Crown wraps up case against alleged Kokkino killer

The Crown wrapped up its case in the second-degree murder trial of Arber “Benny” Krasniqi with testimony from two U.S. marshals who arrested him in New York City.

Krasniqi, 34, is accused of stabbing 24-year-old Jordan Ormonde in the neck and killing him on April 22, 2007 at Kokkino, a small restaurant and club in Toronto’s Greektown area.

After the stabbing, witnesses have testified, Krasniqi ran out the front door of the club and disappeared. Three months later, U.S. law enforcers picked him up in the New York City.

The jury heard last week that Toronto police got a tip about Krasniqi’s whereabouts after he tried to “pick up” two Toronto women who were in New York for a weekend in July, 2007.

One of the women recognized Krasniqi because she had recently begun to work with the brother of the victim’s girlfriend and had been following the case in the media. The pair notified police on their return home to Toronto.

U.S. Marshal Thomas Tebbetts, a senior inspector in the branch that handles international fugitive cases, testified yesterday.

He was one of “a bunch” of law enforcement officials who, after a brief investigation prompted by a request from Toronto police, went to arrest Krasniqi in the early morning of July 18, 2007 at an apartment in the Bronx.

While there, Tebbetts noticed a “pile” of identification documents. Among the documents were a Canadian passport, a Quebec driver’s licence and a Quebec health card ‑ all with Krasniqi’s picture and all bearing the name Basim Arama.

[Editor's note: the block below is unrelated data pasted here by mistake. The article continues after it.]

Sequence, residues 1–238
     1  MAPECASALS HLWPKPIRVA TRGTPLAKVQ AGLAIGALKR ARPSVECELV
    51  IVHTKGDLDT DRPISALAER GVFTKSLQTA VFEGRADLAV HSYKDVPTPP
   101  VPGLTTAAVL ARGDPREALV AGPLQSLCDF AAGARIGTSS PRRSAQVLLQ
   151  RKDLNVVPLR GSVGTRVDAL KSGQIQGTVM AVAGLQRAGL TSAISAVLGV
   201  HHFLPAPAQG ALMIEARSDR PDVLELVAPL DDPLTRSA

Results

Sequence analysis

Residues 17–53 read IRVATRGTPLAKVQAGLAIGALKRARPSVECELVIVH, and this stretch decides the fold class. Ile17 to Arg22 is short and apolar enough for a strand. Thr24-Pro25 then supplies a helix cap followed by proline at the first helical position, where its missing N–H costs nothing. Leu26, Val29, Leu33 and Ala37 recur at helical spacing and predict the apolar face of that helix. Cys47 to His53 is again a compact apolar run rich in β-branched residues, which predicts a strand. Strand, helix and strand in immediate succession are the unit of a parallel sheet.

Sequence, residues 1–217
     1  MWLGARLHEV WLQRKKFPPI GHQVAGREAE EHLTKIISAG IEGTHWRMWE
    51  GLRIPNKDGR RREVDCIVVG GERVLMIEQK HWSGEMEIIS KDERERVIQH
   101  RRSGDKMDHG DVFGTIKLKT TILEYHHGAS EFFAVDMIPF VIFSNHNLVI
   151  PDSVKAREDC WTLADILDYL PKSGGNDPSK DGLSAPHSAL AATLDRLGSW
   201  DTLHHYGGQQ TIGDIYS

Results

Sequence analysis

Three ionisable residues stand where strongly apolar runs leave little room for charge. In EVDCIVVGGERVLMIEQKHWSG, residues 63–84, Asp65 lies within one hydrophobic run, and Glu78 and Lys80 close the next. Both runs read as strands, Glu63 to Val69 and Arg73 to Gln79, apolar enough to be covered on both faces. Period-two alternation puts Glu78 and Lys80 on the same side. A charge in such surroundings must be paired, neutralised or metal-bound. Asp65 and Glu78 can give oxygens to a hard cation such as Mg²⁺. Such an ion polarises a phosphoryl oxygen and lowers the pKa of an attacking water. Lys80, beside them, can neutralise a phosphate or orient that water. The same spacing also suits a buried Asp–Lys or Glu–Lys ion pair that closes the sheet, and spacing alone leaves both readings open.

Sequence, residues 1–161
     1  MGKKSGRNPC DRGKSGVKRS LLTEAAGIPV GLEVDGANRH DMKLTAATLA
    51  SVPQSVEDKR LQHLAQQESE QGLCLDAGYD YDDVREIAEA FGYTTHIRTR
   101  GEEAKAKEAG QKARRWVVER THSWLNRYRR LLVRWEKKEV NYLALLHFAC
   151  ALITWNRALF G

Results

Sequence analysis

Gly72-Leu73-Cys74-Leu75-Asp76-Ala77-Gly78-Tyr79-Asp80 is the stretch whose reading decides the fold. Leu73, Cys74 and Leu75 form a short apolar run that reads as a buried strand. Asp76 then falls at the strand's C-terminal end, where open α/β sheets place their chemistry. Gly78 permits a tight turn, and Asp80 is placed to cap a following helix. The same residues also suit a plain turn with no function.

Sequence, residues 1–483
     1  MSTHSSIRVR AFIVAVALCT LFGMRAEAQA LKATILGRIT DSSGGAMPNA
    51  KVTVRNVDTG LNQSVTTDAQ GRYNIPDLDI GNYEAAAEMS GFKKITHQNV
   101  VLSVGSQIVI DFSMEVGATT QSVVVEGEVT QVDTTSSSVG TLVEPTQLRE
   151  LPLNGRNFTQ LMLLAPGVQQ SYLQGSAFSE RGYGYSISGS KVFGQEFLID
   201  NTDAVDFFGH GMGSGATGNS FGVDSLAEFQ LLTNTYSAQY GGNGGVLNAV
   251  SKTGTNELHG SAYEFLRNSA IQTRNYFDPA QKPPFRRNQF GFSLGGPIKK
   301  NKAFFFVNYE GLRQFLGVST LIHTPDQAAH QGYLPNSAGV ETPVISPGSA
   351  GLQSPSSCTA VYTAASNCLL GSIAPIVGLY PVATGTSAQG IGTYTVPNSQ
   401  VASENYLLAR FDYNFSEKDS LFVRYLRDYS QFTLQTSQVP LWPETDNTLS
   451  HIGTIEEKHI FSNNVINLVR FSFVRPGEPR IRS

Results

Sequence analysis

Tebbetts said he also found a credit card issued by a Quebec bank and a Canadian social insurance card embossed with the fake name.

The jury heard Krasniqi used the fake ID to register at the Hotel Pennsylvania in Manhattan, where he stayed for about two weeks before moving to the Bronx address.

According to a native Turkish speaker, the phrase basim arama means “search by the press” in Turkish. Krasniqi is Albanian, but the two languages share some similarities. It is not known whether Krasniqi speaks any Turkish.

Upon his arrest by the US marshals, Krasniqi gave some details of the alleged crime and expressed sorrow for the victim, even after one of the marshals had read him his Miranda rights, Tebbetts told the court. In the U.S., a Miranda warning tells suspects under arrest that they have the right to remain silent.

The Crown concluded its case today with testimony from U.S. Marshal Mike Romani, the lead investigator in the apprehension of Krasniqi in New York. Romani provided corroboration for the evidence given yesterday by Tebbetts.

Romani will be featured in the upcoming A&E reality show Manhunters: Fugitive Task Force, which highlights the work of the New York City unit of the U.S Marshal Service’s fugitive division.

The trial continues on Thursday, when defence attorney James Silver will begin calling witnesses for the defence.

Appearing for the Crown is Ann Morgan while Joseph Marracco is the presiding judge.